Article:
The methods used in Zen are being used in a way, by the mindfulness movement, that science can see actual benefits
But, it is not the same although they may use similar activity.

Zen is the teachings, practice and enlightenment
The practice by itself is not Zen
Nor is just learning the teachings
Nor is enlightenment

A person who takes on mindfulness (for the benefits of reduced stress) is not a monk seeking one's true nature.
So mindfulness and Zen are not the same
Except where the Zen Master (or Thien) teaches it. As noted earlier Thich Nhat Hanh co-developed "mindfulness meditation" with Jon Kabat-Zinn (also a Zen practicioner) and that's what you learn in his Nhat Hanh's sangha. My paper work when i took 3 refuge and 5 precepts clearly says Lam Te Dhyana (Lin Chi Ch'an in Chinese, Rinzai Zen in Japanese). None the less, I don't disagree with what you say, because not everyone would call it Zen, even though technically, it is. I have co-practiced both MBSR and Vietnamese Thien "Smrti, Prajna, Samadhi" for 20 years now.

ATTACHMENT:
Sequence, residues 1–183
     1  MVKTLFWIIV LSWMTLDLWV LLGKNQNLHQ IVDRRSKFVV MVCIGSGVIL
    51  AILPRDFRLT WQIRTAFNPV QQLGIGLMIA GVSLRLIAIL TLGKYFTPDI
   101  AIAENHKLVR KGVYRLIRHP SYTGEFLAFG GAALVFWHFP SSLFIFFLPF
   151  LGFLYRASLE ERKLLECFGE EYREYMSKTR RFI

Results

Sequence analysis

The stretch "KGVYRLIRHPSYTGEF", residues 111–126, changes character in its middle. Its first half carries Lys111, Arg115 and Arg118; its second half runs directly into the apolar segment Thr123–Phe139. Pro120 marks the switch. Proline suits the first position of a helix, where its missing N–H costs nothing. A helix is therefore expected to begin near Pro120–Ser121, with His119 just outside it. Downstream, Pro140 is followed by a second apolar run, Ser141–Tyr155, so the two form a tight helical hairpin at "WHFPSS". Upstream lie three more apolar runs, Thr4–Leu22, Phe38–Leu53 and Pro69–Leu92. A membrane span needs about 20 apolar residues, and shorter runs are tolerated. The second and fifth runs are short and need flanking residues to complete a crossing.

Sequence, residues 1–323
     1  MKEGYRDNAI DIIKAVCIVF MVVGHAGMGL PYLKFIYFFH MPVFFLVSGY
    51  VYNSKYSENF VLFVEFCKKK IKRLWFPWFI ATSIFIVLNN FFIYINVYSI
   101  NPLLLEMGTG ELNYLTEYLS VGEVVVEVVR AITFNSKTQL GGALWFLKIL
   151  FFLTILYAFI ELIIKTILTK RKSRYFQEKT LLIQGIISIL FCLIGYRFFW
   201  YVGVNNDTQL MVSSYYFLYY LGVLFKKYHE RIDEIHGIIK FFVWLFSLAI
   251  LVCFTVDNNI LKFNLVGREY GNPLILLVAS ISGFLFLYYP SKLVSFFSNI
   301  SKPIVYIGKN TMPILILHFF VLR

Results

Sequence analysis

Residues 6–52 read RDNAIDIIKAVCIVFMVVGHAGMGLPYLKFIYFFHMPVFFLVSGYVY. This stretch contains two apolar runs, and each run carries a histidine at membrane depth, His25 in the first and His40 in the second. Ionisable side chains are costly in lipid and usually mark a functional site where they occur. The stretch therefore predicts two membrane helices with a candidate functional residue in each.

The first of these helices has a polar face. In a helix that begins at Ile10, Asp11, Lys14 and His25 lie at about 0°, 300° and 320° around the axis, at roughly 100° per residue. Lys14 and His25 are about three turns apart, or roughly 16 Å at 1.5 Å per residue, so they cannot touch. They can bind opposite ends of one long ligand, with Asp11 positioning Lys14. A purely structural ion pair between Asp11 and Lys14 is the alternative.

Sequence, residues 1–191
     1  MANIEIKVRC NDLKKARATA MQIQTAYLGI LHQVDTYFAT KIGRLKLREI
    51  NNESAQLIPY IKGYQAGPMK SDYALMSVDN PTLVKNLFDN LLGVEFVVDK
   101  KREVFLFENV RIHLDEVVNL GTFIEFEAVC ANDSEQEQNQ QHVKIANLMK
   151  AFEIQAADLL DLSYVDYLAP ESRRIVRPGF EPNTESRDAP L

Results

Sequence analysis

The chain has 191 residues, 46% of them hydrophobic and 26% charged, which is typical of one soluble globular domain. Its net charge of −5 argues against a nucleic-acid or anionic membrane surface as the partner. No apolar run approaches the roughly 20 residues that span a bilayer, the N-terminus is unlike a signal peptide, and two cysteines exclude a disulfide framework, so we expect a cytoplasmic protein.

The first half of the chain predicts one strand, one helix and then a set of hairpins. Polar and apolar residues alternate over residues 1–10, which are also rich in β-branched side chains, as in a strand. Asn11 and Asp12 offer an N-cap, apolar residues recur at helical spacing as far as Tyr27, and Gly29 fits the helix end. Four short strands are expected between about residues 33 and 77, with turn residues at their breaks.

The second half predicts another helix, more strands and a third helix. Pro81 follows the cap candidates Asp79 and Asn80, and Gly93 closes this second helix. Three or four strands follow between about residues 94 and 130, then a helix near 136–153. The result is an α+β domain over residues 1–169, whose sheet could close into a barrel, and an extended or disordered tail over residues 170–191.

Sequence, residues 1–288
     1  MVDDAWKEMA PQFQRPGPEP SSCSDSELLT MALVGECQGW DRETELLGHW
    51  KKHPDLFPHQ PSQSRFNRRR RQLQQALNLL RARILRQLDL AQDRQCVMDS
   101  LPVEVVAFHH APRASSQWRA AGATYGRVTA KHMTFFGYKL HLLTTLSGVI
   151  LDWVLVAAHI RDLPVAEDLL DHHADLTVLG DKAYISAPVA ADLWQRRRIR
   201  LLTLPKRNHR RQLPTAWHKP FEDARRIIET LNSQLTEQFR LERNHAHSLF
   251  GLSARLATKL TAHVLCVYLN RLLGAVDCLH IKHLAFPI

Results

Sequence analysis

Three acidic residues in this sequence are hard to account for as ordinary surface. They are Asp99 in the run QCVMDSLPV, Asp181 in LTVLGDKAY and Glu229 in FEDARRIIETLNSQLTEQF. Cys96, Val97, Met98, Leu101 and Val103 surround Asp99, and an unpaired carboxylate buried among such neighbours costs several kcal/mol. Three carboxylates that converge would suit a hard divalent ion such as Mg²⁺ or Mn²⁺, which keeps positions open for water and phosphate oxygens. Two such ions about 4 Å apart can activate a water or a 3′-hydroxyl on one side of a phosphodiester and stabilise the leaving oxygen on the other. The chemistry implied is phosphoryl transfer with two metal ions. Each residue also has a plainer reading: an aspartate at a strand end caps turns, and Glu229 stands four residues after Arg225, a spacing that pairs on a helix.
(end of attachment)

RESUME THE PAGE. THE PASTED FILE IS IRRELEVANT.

“Know from the rivers in clefts and in crevices: those in small channels flow noisily, the great flow silent. Whatever’s not full makes noise. Whatever is full is quiet.” - Gautama Buddha, Nālakasutta

avisitor
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Re: Zen versus Mindfulness?

Post by avisitor » Sat Feb 22, 2020 3:47 am

Great Sage EofH wrote:
Wed Feb 19, 2020 5:58 am
Except where the Zen Master (or Thien) teaches it. As noted earlier Thich Nhat Hanh co-developed "mindfulness meditation" with Jon Kabat-Zinn (also a Zen practicioner) and that's what you learn in his Nhat Hanh's sangha. My paper work when i took 3 refuge and 5 precepts clearly says Lam Te Dhyana (Lin Chi Ch'an in Chinese, Rinzai Zen in Japanese). None the less, I don't disagree with what you say, because not everyone would call it Zen, even though technically, it is. I have co-practiced both MBSR and Vietnamese Thien "Smrti, Prajna, Samadhi" for 20 years now.
desert_woodworker wrote:
Thu Feb 06, 2020 12:38 am
I'd say so-called 'mindfulness' is a kind of self-help, by comparison to the over-the-top-dedicated-Zen-Buddhist's regimen. Not so bad as far as it goes! But, alright, a far cry, I think, from what your run-of-the-mill "in-deep" Zen student is willing to put out, say, on 7-day sesshin after 7-day sesshin, for a lifetime, based on heavy-duty daily practice, for all good and natural reasons, with teacher's and sangha's help. If one can and does support it.